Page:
Hmm. First, always block your wheels to prevent the jeep from rolling forward or backwards. If you are only depending on your parking/e-brake you will eventually get someone hurt or worse. High lifts are too unstable to use them on a regular basis.
Use your bottle jack or get another bottle jack with a higher extension while carrying around some 2x4 or another solid base. If you need to to use a high lift you can jack it up from the sides if you have rock sliders installed. Or purchase the accessories that will allow you to get a hook under the bumper
As for what happened with your JK, since you jacked up the rear end it would not matter whether or not you had the ebrake set or not. The ebrakes locks the rear wheels, not the front. That is why it rolled off.
A high lift jack primary purpose is not for changing tires but for vehicle recovery. Quoted this from another forum.
Originally Posted by Red View Post
Not sure if there is a thread on this already, but if you asked, then there are probably others out there that are wondering the same thing, so...
There are lots of neat things that you can do with a hi lift, but lets start with some of the basics.
As general rule, you do not want to use a hi lift for tire changes. They are unstable. If you have bumpers with hi lift jack points (look like a cut out T) on the bumper or sliders, it is a bit safer, but as a rule of thumb, they are not intended for tire changes. That being said, I can't say I haven't done it often.
As another general rule, don't get under the vehicle when it is jacked up with the hi lift. Refer back to them being unstable. They are not intended for repair or modification work.
Jacking points. On an after market bumper or sliders, you may have a hi lift jack point (that T cut out, but it could be a hole for a peg that gets inserted - it all depends on the manufacturer), and that is usually the best place for stability. On a stock vehicle, you want to get it under something solid. The bumpers, even the steel in the front is not solid. The Rubi sliders will work, though I remain a bit hesitant to use them there. If you can somehow wedge it under the frame where the bumper ties in up front that is the way to go. You will crush the plastic a bit, but hey! The same thing goes for the rear. If you can get it under the tow hook in the back, it should work as well. Bottom line is the JK is not really designed for hi lift jacking, so get creative and live with the damage.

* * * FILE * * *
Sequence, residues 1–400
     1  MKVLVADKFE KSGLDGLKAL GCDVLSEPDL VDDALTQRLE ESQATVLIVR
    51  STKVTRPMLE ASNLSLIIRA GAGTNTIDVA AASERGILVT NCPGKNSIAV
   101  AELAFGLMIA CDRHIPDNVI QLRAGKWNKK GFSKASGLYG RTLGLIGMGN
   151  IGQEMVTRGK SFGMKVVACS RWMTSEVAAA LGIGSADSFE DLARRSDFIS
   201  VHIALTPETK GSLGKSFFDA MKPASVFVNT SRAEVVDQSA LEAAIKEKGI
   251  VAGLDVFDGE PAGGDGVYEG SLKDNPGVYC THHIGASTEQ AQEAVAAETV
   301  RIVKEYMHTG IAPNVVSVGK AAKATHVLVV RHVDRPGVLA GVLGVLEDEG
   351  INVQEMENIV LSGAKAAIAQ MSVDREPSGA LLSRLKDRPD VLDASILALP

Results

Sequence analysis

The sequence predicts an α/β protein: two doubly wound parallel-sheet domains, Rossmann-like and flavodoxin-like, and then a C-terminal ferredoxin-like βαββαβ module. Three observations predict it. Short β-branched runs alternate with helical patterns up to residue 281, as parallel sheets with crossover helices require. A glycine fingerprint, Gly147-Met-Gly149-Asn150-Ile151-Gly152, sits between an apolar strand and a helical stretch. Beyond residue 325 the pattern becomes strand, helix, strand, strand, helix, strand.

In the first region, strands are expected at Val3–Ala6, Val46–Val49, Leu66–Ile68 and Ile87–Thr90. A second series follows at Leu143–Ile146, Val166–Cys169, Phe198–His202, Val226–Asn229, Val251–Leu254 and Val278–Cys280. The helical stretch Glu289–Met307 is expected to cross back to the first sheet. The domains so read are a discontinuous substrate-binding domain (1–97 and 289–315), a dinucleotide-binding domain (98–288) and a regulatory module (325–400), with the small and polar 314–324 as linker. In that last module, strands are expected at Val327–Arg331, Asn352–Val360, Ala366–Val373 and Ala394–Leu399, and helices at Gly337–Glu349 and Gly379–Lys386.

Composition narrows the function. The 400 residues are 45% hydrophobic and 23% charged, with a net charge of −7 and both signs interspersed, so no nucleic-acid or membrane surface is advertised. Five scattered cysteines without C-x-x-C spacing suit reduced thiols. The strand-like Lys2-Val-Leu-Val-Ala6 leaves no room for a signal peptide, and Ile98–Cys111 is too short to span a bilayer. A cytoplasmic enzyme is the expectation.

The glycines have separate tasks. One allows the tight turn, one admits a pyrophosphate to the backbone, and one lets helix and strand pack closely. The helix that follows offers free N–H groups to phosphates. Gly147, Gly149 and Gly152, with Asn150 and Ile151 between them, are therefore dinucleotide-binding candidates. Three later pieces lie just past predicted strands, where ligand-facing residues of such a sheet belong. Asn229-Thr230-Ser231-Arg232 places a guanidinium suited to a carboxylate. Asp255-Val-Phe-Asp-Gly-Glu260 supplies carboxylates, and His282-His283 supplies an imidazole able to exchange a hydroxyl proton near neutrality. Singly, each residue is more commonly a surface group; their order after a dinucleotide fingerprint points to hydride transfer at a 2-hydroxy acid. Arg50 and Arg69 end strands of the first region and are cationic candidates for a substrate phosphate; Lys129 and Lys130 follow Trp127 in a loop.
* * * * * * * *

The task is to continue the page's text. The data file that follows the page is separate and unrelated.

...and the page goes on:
One more safety point. When lowering, keep your face away from the handle. The thing gets slick with mud and water and such, and they have a tendency to slip out of your hand and hit you in the face with a lot of force. Hasn't happened to me, but have seen it happen. It looks painful.
Now to get to a bit of the fun stuff. You can use it as a winch. Use two tow straps, one on the top of the hi lift with a d ring and the other around the lifting part. One strap around a stationary point and the other on the vehicle. Start jacking. It is slow going and won't get you far, but it works.
On really off camber situations, you can use it the same way as with jacking as a way to keep tension on the vehicle to prevent it from tipping. I hope that makes sense. I can't explain it much better.
Probably my favorite and most used is to get the vehicle out of a rut. Put it under the center of the front or rear bumper and jack it up high enough to get the wheels well clear of the ruts. All the while, keep one person on each side of the vehicle to keep it centered. When the wheels are out of the rut, one person on the side backs off and the other pushes, and the truck falls off of the jack and lands on the other side of the rut. Repeat on other side of the vehicle.
Use it to get over or onto a big obstacle. Drive up to the obstacle, jack up the front of the truck so the wheels get on it, and drive over the jack and onto the rock.
The handle from the jack also makes a good cheater pipe, hood prop, beating stick, or anything else that a large pipe can be used for.
You can break the bead on a tire with the jack. Lay the tire on the ground at a good jacking point on the truck, put the foot of the jack on the tire next to the rim, and jack the truck up. The vehicle's weight will break the bead. Turn tire and repeat.
They make great fence post pullers, or pullers of anything that requires lots of effort.
Okay. I guess thats enough for now. I'll let others chime in as well. There are lots of accessories that go with them as well that expand the possibilities. Be creative. It is basically a pulling/lifting/leverage tool.
Just remember... Safety first. They are unstable, which can be a benefit or a hinderance, but they are unstable. So, if it looks unsafe, it probably is, so try not to be stupid.
Oh, one more thing. A hi lift is an expendable tool. That means it only has a limited number of uses in it before it is done for. Some of the above uses, like getting onto obstacles will end up breaking them. Don't plan on keeping it forever. And when it breaks, do the rest of us a favor and don't leave a broken one lying around on the trail, they are great for puncturing tires and damaging vehicles in this state.